As we age, bone spurs (bone growth) can develop on a part of the shoulder blade called the acromion. This can then cause irritation to other tissues of the shoulder. One such tissue is called a bursa which is a small fluid filled sack (imagine a small water balloon). Repetitive irritation of the bursa can lead to a condition called bursitis (inflamed bursa). The inflamed bursa or the bone spur can further irritate tendons which pass through the area, leading to tendon swelling and ‘wear and tear’.
Posture plays a big role in shoulder dysfunction. Modern society revolves around a lot of desk bound and mobile technologies. Combined with relaxation activities the rounded posture that evolves puts a lot of pressure on the shoulder complex, closing down the space through which the tendons run. In addition to exercises for the arm, exercise for the shoulder blade and back are really important to assist with recovery and prevent return of pain.
The AC (Acromio-clavicular) joint joins the shoulder blade and the collar bone. The AC joint is required to fully raise the arm. As we age, the bones (clavicle and acromion) that make up the AC joint can develop osteoarthritis, leading to pain and impaired shoulder movement.
Typically the AC joint when irritated causes discomfort with movements across the body and behind the back.
Gentle exercise and resting of irritating movements can assist in settling the pain followed by a progressive strengthening program. If the AC joint does not respond to treatment, an injection can be beneficial.
The AC Joint is an unusual joint in that it is a fibrocartilagenous joint. This means that it can respond very well to surgery.
The shoulder is actually composed of more than a single joint. It is better understood as a ‘complex’, composed of a number of different structures.
- The shoulder blade (scapula)
- The collar bone (clavicle)
- The arm bone (humerus)
- The joints that link each of these structures together.
Treatment for shoulder instability first requires the correct diagnoses. Upon assessment, further investigations may be required such as an xray or scan such as an ultrasound or MRI, to assist with confirmation.
In order to reach with your arm, particularly above shoulder height, each of the joints that contribute to the shoulder ‘complex’ must work as a team. Soft tissues (muscles, tendons, ligaments) have a large role to play in facilitating this ‘teamwork’. Where there is a deficit in any of these tissues, pain and movement limitation can result.
Following an acute or chronic injury to the shoulder, rest and occasionally immobilisation is required. Following this a progressive gentle range of motion and strengthening program can commence to help resolve the dysfunction. Exercises will be based upon re-educating the muscles of the neck, shoulder and thorax so they work in unison to provide the necessary control to guide the shoulder through the activity.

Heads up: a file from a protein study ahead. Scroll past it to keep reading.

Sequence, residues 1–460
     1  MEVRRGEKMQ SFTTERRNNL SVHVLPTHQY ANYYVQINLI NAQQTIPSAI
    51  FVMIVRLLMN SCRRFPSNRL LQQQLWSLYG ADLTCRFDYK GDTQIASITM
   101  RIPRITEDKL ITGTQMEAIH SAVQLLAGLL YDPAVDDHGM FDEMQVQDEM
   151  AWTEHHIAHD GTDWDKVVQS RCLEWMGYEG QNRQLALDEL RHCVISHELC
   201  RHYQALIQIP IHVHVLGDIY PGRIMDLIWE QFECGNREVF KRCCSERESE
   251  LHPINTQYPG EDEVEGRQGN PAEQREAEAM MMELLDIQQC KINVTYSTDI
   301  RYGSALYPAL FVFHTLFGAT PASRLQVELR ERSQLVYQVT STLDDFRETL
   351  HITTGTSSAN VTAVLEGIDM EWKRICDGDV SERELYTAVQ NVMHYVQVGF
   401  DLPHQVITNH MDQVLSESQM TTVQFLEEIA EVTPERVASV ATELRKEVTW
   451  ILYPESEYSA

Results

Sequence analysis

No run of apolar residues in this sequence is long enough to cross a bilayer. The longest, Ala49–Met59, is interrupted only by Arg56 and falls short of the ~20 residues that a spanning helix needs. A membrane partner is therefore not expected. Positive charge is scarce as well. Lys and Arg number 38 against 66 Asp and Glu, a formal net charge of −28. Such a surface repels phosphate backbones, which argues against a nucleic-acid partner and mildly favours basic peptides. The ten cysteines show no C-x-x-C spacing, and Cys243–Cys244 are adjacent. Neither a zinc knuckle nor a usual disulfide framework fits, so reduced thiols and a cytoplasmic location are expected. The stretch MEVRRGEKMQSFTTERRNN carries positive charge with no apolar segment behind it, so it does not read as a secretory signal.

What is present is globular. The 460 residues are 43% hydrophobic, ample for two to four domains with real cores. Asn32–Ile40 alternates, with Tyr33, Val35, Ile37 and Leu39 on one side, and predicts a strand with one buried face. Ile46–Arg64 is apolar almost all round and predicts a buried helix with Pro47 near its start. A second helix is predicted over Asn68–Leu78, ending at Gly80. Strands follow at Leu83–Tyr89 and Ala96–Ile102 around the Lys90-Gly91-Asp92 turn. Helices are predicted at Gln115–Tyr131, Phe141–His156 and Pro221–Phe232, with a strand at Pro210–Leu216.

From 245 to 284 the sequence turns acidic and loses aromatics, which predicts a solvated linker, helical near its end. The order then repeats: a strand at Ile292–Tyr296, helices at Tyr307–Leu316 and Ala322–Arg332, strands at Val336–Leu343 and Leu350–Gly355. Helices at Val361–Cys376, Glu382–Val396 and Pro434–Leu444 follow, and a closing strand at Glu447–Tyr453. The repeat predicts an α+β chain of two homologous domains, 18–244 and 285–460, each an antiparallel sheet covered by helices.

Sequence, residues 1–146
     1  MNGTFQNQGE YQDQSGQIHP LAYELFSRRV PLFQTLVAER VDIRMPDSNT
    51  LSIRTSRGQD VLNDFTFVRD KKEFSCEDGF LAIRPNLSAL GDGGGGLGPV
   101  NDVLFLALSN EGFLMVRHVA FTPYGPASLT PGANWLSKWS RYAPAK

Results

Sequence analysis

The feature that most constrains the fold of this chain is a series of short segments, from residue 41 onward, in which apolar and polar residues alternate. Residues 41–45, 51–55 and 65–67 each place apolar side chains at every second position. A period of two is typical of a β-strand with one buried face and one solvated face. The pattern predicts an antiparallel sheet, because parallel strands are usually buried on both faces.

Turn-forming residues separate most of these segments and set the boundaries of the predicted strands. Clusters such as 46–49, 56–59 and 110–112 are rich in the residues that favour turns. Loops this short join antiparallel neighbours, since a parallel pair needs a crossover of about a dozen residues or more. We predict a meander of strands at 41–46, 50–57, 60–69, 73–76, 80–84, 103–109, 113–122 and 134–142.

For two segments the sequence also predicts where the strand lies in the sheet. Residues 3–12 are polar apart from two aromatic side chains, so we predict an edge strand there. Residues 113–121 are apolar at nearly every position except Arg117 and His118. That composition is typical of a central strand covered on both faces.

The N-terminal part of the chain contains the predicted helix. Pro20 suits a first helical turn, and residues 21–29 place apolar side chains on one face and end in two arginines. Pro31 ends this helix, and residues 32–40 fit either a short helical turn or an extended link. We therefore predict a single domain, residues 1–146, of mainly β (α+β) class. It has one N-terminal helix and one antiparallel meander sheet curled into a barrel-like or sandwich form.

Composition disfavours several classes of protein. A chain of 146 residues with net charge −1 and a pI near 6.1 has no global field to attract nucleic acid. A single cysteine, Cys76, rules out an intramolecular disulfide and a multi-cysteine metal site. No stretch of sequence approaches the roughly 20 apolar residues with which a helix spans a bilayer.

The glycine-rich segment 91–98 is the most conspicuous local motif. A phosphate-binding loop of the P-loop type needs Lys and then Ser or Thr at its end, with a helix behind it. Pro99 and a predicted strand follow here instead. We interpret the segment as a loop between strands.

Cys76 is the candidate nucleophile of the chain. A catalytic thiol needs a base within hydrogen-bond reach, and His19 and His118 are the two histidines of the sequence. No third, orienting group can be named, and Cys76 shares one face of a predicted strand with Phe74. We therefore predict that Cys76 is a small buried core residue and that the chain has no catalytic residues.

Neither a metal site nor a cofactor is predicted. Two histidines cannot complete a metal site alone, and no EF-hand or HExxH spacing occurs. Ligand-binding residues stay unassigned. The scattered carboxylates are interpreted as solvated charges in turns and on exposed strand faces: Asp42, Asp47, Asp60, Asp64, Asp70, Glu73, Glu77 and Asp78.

Strengthening and proprioception exercises are important to assist the shoulder to function and reduce the risk of re-injury.
Postural advice is often included as this can be a major factor in the shoulder dysfunction. In a world where we sit and work with technology, bad habits too often lead to injuries. Occasionally shoulder and arm pain can originate from the neck or upper back. The therapist will be able to assess and treat this should it be contributing to the problem.
Alternative therapies such as remedial massage can help to relieve the tensions of the shoulder, neck and back that may be contributing to pain and discomfort. Headaches and loss of sleep are common side effects to shoulder dysfunction due to stresses on other parts of the body because of the shoulder.
Shoulder injuries generally take a long time to get better, especially if there is a tendon injury. your clinician will guide you through a time line, but be patient as it can take 6 months or more.
Occasionally tissues have a poor healing capacity, and surgery may be required to reduce pain, restore movement and enable a return to home, work and leisure activities.
In some circumstances, tissues simply need to be trimmed or ‘tidied up’, to reduce irritation and improve comfort. In other circumstances, tissues need to be repaired or reconstructed.
Shoulder reconstructive surgery is performed in order to re-site damaged tissue in order to provide joint stability, especially when it is unlikely to occur naturally.
Shoulder surgery can be performed either arthroscopically or via an open procedure.
Depending upon the type of operation performed, you may be required to protect your arm for up to 6 weeks post surgery. You will the commence a progressive range of movement and strengthening program much like you would do with a conservative program. Recovery from shoulder surgery can take 6 to 12 months depending upon the procedure performed.